Throughout 2019 People’s History Museum is inviting visitors to explore the past, present and future of protest, which in the summer holidays includes lots of Family Friendly fun! Taking place each Wednesday (24 July to 28 August 2019), a series of workshops introduces different print techniques, giving an opportunity to think creatively about peaceful protest. Also opening its doors throughout the Manchester school holidays is the Doodle Den; a relaxed space to spend time taking part in a spot of scribbling or sketching and keep your eye out for opportunities to take part in playful protests throughout the building!
Make Your Mark – print making workshops
Making a cardboard printing plate, assembling a colourful collage, using household items to think about recycling, working with metal; these are just some of the activities that families will get involved with. During each session there will be a chance to create a print piece that can be taken home. People’s History Museum’s creative team and guest artists, including Pui Lee and jewellery designer Ambrin, will lead the sessions.
The Make Your Mark workshops take place every Wednesday from 24 July to 28 August 2019 (1.00pm to 3.00pm). These are run as drop ins, where attendees pay what they feel at the event.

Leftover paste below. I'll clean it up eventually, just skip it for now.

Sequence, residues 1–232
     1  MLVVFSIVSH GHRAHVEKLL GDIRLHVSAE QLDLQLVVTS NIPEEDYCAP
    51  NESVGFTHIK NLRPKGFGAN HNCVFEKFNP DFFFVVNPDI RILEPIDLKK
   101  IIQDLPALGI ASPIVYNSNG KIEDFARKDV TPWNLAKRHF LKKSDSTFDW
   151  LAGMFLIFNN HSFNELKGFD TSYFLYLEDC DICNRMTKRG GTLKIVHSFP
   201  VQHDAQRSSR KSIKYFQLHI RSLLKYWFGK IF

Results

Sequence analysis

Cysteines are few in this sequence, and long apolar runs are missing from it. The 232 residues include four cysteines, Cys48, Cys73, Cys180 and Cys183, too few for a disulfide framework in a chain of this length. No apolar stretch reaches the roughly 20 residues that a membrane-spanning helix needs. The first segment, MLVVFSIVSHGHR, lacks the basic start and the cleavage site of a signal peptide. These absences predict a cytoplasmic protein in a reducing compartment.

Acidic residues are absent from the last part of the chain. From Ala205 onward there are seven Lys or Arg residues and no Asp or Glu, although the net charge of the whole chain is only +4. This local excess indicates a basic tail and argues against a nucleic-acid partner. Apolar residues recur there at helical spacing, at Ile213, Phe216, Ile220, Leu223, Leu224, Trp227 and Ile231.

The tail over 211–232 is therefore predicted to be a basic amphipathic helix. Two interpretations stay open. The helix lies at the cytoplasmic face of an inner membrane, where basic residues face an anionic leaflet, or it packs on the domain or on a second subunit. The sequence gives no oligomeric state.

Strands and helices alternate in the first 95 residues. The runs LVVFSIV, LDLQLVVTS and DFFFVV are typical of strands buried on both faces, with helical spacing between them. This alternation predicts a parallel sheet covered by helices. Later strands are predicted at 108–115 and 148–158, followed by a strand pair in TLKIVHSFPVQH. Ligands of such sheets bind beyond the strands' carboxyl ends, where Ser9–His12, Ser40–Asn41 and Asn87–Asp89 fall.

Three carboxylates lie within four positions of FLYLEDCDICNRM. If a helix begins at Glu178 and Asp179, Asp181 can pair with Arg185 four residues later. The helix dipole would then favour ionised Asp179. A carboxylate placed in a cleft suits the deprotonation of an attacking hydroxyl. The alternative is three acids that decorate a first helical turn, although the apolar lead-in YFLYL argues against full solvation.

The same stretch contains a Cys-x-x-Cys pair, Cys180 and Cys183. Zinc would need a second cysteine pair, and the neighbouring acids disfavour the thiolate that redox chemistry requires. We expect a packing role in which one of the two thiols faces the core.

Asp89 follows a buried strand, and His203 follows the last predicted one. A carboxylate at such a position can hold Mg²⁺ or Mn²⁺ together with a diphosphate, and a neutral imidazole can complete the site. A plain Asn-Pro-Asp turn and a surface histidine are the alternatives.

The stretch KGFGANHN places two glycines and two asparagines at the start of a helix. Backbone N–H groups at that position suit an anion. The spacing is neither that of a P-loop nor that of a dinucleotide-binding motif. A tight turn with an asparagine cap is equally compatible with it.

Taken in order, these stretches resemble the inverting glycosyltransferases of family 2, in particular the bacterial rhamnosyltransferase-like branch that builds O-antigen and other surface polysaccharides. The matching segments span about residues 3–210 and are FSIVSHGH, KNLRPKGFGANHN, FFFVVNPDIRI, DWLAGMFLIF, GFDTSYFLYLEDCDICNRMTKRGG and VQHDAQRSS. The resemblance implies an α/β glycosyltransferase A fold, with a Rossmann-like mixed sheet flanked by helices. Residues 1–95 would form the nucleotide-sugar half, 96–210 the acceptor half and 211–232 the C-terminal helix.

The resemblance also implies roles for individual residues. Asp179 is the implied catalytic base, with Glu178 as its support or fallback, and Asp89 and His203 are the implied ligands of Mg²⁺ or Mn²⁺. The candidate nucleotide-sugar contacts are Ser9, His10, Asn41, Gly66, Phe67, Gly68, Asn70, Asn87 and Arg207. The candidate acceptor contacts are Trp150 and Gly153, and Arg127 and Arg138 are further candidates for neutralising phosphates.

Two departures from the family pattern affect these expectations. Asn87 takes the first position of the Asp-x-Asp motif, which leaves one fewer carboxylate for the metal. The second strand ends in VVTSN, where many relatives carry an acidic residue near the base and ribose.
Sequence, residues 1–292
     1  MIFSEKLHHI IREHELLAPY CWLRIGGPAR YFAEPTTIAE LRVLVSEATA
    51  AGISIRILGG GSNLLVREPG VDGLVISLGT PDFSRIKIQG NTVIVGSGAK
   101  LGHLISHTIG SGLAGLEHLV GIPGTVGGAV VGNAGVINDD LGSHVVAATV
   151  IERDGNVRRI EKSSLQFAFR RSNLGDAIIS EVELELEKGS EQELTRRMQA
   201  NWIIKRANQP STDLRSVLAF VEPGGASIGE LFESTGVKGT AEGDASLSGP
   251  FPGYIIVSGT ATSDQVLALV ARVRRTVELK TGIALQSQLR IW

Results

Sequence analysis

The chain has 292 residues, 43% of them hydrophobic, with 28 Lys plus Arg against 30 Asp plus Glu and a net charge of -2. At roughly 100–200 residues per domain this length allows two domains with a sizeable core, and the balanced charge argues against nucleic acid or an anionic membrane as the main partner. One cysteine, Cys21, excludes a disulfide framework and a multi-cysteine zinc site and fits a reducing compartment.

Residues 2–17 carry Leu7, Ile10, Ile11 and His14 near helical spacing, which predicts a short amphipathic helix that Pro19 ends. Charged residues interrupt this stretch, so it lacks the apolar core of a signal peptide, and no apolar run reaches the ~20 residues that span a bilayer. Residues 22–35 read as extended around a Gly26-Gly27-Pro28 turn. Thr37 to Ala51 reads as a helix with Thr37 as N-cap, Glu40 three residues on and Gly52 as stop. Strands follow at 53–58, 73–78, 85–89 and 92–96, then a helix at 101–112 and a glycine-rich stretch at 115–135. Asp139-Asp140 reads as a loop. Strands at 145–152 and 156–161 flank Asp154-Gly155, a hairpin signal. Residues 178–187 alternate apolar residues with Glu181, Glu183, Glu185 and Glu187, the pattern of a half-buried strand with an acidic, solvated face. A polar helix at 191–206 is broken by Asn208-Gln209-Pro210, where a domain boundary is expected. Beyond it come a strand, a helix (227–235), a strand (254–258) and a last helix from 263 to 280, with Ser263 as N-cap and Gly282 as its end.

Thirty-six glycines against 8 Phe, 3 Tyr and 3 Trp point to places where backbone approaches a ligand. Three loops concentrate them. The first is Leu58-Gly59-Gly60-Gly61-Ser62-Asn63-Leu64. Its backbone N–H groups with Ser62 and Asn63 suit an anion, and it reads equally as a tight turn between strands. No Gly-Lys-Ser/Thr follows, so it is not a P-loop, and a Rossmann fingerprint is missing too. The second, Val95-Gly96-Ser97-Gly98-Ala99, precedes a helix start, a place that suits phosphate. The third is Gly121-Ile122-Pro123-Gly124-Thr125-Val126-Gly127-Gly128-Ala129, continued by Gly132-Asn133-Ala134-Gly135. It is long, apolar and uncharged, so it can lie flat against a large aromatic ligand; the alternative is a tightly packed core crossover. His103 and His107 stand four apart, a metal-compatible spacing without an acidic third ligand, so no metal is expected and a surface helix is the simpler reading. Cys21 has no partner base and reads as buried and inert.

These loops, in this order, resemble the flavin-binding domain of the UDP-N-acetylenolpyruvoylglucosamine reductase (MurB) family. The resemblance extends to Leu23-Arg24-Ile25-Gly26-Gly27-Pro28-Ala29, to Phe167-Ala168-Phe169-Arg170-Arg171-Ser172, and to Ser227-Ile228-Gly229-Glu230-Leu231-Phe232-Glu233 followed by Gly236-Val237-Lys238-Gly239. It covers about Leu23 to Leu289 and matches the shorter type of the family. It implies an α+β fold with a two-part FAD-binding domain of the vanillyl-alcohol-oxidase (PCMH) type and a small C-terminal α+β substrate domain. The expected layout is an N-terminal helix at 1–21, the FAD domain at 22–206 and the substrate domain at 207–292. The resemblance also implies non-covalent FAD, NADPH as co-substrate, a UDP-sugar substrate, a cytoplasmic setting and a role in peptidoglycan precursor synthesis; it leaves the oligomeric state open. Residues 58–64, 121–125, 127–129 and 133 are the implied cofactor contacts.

Wednesday 24 July Make Your Mark: with drypoint print
Wednesday 31 July Make Your Mark: with collagraphy print
Wednesday 7 August Make Your Mark: with recycled print
Wednesday 14 August Make Your Mark: with protest coin print
Wednesday 21 August Make Your Mark: with screen-print
Wednesday 28 August Make Your Mark: with sun print
Doodle Den – playful protests
The Doodle Den is open each day throughout the school holidays, inviting families to pick up a pencil and delve into their imagination, as they explore what creative disobedience means through scribbling, sketching and doodling. Also waiting to be discovered around the building are a series of interactive Playful Protest activities involving everything from hula hoops to ping pong balls!
As well as taking part in the workshop or spending time in the Doodle Den, a visit to People’s History Museum’s headline exhibition, Disrupt? Peterloo and Protest, is recommended. This introduces the story of one of the most significant moments of protest in British history, the Peterloo Massacre, which took place in Manchester exactly 200 years ago (16 August 1819). The story is told in a fascinating and engaging way; from a dress that would have been worn in Manchester on the day to coming face to face with a portrait of the Captain of the Yeomanry.
People’s History Museum, the national museum of democracy, houses a unique collection that journeys through 200 years of ideas worth fighting for, including women’s rights, voting rights and workers’ rights. The museum’s accessible and Family Friendly approach includes interactive elements, stories to discover and creative ways of understanding what democracy means; just some of the reasons that People’s History Museum has recently been a winner of the Kids in Museums Family Friendly Museum Award.